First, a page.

Although it's given up some of its gains in the last month or so, shares of Canadian smartphone marker BlackBerry remain firmly ahead of the broad market so far in 2014, and for good reason.
Under new CEO John Chen, BlackBerry's progress in adapting its business model to its current circumstances has been nothing short of remarkable when compared to the paltry pace of change from past management regimes.
And in keeping its recent hot streak alive, BlackBerry appears to have notched another win, at least in the market's eyes, when it reported its FY Q4 '14 earnings. So without further ado, let's dig into the particulars of BlackBerry's most recent report.
Shifting sands at BlackBerry
As you might expect, BlackBerry's report contains its fair share of good and bad news.
At a higher strategic level, this report is only so useful as a yardstick in sizing up BlackBerry's financial performance as it is in trying to wrap one's head around the progress BlackBerry's making in essentially gutting its old business model in favor of the vastly more sustainable approach favored by Chen. When compared to the same quarter last year, BlackBerry's revenue utterly fell off a cliff, declining by 64%.
However, it's important to remember that BlackBerry's financial performance in the same quarter last year is that of almost a very different company, so much of the usual year-over-year benchmarking ultimately doesn't reveal much.
That's where BlackBerry Q3 '14 comps come in. And although they mark the first quarter in which BlackBerry initiated its new software and services intensive business model, and thus still limited on how much they can truly say about BlackBerry's new long-term potential, they're without question the best basis for comparison for investors.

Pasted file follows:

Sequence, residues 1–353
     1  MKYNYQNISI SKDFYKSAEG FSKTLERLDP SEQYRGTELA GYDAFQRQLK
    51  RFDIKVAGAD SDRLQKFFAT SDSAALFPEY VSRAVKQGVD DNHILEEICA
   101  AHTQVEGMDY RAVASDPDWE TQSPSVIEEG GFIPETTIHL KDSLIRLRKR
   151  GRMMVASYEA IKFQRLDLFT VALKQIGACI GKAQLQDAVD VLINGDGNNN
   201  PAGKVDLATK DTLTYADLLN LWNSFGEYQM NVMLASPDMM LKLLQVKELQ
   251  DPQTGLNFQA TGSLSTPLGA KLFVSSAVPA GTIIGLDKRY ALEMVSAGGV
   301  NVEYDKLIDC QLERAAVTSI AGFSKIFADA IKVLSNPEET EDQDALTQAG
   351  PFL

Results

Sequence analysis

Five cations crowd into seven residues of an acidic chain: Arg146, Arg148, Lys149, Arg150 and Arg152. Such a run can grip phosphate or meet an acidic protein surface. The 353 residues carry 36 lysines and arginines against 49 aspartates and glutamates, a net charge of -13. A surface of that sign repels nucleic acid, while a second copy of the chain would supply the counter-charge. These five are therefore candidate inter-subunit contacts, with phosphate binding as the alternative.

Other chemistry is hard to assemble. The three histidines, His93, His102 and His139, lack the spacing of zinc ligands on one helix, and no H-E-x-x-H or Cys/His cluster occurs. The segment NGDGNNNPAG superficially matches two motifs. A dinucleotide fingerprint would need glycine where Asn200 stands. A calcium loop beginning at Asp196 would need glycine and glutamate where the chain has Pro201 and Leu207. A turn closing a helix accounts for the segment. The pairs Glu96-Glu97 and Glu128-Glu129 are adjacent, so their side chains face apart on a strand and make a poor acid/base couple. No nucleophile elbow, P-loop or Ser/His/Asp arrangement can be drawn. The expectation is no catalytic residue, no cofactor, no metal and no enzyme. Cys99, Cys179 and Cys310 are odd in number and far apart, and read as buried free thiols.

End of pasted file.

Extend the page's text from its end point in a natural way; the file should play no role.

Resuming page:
Unfortunately, comparing BlackBerry's Q4 '14 numbers to the prior quarters' still paints a pretty bleak situation about the current goings on at BlackBerry. See for yourself.
Source: BlackBerry Investor Relations
Falling hardware revenue should be expected as its current suite of phones have proven remarkably unpopular and as BlackBerry awaits the launch of several cheap devices set to launch in the coming months that will ideally play to its strengths in emerging markets.
However, the on-going challenges with both services and software revenues does concern me. BlackBerry's drawn a bit of a line in the sand, saying it's now a mobile software company where its hardware is merely a gateway to its software platforms. BlackBerry probably is, and should, be playing the long game in first seeking software market share before focusing on profits. However, seeing a sales upswing would have gone a long way in encouraging me they're on the right track.
BlackBerry didn't give much in the way of specific guidance either, merely saying it's targeting cash flow breakeven within the next 12 months. In order to do this, BlackBerry will clearly need to begin to monetize its software and services to a greater degree than it has already. This is certainly possible, but an essential ingredient if BlackBerry stands even the slightest chance of achieving the goal it posed in its outlook.
This report certainly didn't indicate the kind of success it will take to keep BlackBerry afloat over the long-term. However taken in fuller context, it's passable.
BlackBerry still has $2.7 billion in cash on its books, so it remains out of immediate danger of a some kind of funding shortfall. BlackBerry's also notched a few noteworthy wins for its software adoption in areas like smart cars and mobile messaging. The ultimate test will be whether BlackBerry can translate those wins into actual profits, and the uncertainty there is ultimately what's keeping away from BlackBerry's stock today.
However, all in all, BlackBerry lives to fight another day.
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The article BlackBerry Ltd. Earnings: The Fight Goes On originally appeared on Fool.com.
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